We saw some beautiful wildflowers, like these rock lillies, some fluffy poofs that Manu called "mouse tails" in Italian (code di topo), and some fascinating orchids that masqueraded as bees to lure insects:

Sardinia has a long and fascinating history that goes back millennia, when massive stone structures were built by a people whose history is shrouded in mystery.

These great stone towers were built between 1800-250 BC by the so-called Nuragic people, about whom little is known aside from their art and architectural constructions (they had no written language). There are over 7,000 "nuraghe" scattered around the island, some in rubble but others in multi-room complexes that reveal a rich and complex society.

Their use isn't always clear and they were most likely the standard form of construction, part fortification, part meeting hall, part sacred space. And they would fit right into the Medieval landscape of later centuries!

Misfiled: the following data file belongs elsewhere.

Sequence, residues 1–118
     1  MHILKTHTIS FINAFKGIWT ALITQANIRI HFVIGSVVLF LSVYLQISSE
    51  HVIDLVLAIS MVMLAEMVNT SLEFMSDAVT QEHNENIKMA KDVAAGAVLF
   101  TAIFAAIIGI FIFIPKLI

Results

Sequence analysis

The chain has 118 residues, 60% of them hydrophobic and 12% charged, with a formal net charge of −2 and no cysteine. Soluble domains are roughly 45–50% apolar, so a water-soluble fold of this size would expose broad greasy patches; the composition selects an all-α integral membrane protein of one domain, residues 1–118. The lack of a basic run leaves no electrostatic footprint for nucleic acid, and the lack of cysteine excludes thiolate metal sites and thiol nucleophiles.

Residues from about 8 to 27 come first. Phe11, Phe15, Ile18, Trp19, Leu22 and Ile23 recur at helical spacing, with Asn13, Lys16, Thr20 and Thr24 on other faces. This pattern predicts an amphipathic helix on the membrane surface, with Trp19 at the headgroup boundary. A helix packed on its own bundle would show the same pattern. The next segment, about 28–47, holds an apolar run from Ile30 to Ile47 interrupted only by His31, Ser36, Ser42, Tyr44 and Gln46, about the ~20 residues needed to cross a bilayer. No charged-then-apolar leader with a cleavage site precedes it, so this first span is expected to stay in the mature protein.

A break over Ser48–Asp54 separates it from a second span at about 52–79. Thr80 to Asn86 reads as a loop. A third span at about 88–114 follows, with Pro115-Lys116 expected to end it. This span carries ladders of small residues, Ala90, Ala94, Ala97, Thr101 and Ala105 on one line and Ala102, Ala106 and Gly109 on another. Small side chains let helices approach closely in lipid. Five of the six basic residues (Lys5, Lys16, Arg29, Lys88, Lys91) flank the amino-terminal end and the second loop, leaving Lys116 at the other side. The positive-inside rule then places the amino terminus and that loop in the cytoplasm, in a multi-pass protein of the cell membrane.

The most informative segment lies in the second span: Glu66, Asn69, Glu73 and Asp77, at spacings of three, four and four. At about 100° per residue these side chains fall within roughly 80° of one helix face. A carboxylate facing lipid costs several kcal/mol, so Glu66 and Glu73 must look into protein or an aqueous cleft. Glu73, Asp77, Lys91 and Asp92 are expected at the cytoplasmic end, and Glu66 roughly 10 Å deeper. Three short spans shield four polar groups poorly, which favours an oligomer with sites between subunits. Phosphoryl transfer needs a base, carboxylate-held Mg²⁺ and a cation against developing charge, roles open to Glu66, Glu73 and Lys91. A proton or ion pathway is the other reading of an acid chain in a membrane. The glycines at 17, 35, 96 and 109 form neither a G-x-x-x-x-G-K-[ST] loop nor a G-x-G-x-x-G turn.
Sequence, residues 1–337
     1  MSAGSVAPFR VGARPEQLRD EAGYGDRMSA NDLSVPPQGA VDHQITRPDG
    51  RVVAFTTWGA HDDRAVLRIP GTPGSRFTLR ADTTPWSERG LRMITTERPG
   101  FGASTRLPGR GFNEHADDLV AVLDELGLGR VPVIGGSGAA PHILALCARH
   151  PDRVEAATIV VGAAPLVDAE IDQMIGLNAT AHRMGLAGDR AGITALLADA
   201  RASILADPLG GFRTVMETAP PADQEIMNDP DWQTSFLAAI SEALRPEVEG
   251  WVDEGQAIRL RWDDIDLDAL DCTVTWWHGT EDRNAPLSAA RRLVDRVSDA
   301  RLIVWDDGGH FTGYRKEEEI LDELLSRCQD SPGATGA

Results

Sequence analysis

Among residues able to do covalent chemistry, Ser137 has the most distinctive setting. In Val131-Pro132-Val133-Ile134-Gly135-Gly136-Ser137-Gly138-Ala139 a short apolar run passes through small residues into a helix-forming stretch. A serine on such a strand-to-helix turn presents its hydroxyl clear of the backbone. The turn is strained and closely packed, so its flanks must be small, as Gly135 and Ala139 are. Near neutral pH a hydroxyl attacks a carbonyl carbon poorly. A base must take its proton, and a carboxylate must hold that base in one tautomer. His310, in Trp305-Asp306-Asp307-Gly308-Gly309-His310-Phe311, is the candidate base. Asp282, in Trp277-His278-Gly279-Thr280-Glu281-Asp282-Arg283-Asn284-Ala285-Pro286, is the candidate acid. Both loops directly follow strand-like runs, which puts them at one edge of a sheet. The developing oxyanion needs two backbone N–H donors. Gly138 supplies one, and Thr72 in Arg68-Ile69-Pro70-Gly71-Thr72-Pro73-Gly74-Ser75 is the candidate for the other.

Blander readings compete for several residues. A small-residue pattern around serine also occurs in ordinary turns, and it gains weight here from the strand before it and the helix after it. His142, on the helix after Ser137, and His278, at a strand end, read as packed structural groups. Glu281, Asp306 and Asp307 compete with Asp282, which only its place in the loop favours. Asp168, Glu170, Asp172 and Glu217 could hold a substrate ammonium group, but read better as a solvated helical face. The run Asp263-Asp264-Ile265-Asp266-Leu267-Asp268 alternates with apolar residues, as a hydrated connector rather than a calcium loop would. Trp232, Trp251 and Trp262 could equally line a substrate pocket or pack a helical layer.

Our journey continued to the west coast, where we visited the ancient Punic (Carthaginian) settlement of Tharros, later Roman, and eventually capped by a Spanish watch-tower. It was an extremely windy day so we walked a bit but then took refuge in the car.

That coast is known for its unusual beaches, which shine gold & pink from grains of quartz in the sand:

We stopped to check out some marvelous hotels along the way...

We saw some cool murals, which have become common in lots of Sardinian towns now. They usually represent local traditions, like the granny shooting off her rifle to celebrate Easter (as you do 😁), a grandmother and her granddaughter, and a "Robin Hood"-style brigand who was beloved by the local villagers.